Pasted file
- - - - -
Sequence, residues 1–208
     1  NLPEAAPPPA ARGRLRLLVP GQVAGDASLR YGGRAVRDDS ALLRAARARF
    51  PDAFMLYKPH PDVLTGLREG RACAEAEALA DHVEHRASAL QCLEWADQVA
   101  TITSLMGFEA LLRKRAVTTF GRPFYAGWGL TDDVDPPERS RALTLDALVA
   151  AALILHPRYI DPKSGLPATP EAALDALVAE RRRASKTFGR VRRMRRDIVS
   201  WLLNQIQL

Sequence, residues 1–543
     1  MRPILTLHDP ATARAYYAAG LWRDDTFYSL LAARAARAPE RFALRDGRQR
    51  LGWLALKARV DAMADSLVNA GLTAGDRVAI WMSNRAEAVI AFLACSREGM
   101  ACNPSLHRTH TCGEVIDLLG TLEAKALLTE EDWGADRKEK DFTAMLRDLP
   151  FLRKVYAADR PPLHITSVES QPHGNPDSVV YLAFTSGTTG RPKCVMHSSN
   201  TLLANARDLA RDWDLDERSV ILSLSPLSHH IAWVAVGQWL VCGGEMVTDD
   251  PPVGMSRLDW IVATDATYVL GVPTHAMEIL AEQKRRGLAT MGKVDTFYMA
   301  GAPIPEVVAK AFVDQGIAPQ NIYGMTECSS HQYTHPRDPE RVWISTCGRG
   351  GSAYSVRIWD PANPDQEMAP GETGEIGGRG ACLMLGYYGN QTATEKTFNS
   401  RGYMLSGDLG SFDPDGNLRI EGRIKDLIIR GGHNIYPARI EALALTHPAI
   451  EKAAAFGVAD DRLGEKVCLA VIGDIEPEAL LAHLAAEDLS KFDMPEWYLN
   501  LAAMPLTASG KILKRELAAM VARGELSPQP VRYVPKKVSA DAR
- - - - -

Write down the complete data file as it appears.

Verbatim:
Sequence, residues 1–208
     1  NLPEAAPPPA ARGRLRLLVP GQVAGDASLR YGGRAVRDDS ALLRAARARF
    51  PDAFMLYKPH PDVLTGLREG RACAEAEALA DHVEHRASAL QCLEWADQVA
   101  TITSLMGFEA LLRKRAVTTF GRPFYAGWGL TDDVDPPERS RALTLDALVA
   151  AALILHPRYI DPKSGLPATP EAALDALVAE RRRASKTFGR VRRMRRDIVS
   201  WLLNQIQL

Sequence, residues 1–543
     1  MRPILTLHDP ATARAYYAAG LWRDDTFYSL LAARAARAPE RFALRDGRQR
    51  LGWLALKARV DAMADSLVNA GLTAGDRVAI WMSNRAEAVI AFLACSREGM
   101  ACNPSLHRTH TCGEVIDLLG TLEAKALLTE EDWGADRKEK DFTAMLRDLP
   151  FLRKVYAADR PPLHITSVES QPHGNPDSVV YLAFTSGTTG RPKCVMHSSN
   201  TLLANARDLA RDWDLDERSV ILSLSPLSHH IAWVAVGQWL VCGGEMVTDD
   251  PPVGMSRLDW IVATDATYVL GVPTHAMEIL AEQKRRGLAT MGKVDTFYMA
   301  GAPIPEVVAK AFVDQGIAPQ NIYGMTECSS HQYTHPRDPE RVWISTCGRG
   351  GSAYSVRIWD PANPDQEMAP GETGEIGGRG ACLMLGYYGN QTATEKTFNS
   401  RGYMLSGDLG SFDPDGNLRI EGRIKDLIIR GGHNIYPARI EALALTHPAI
   451  EKAAAFGVAD DRLGEKVCLA VIGDIEPEAL LAHLAAEDLS KFDMPEWYLN
   501  LAAMPLTASG KILKRELAAM VARGELSPQP VRYVPKKVSA DAR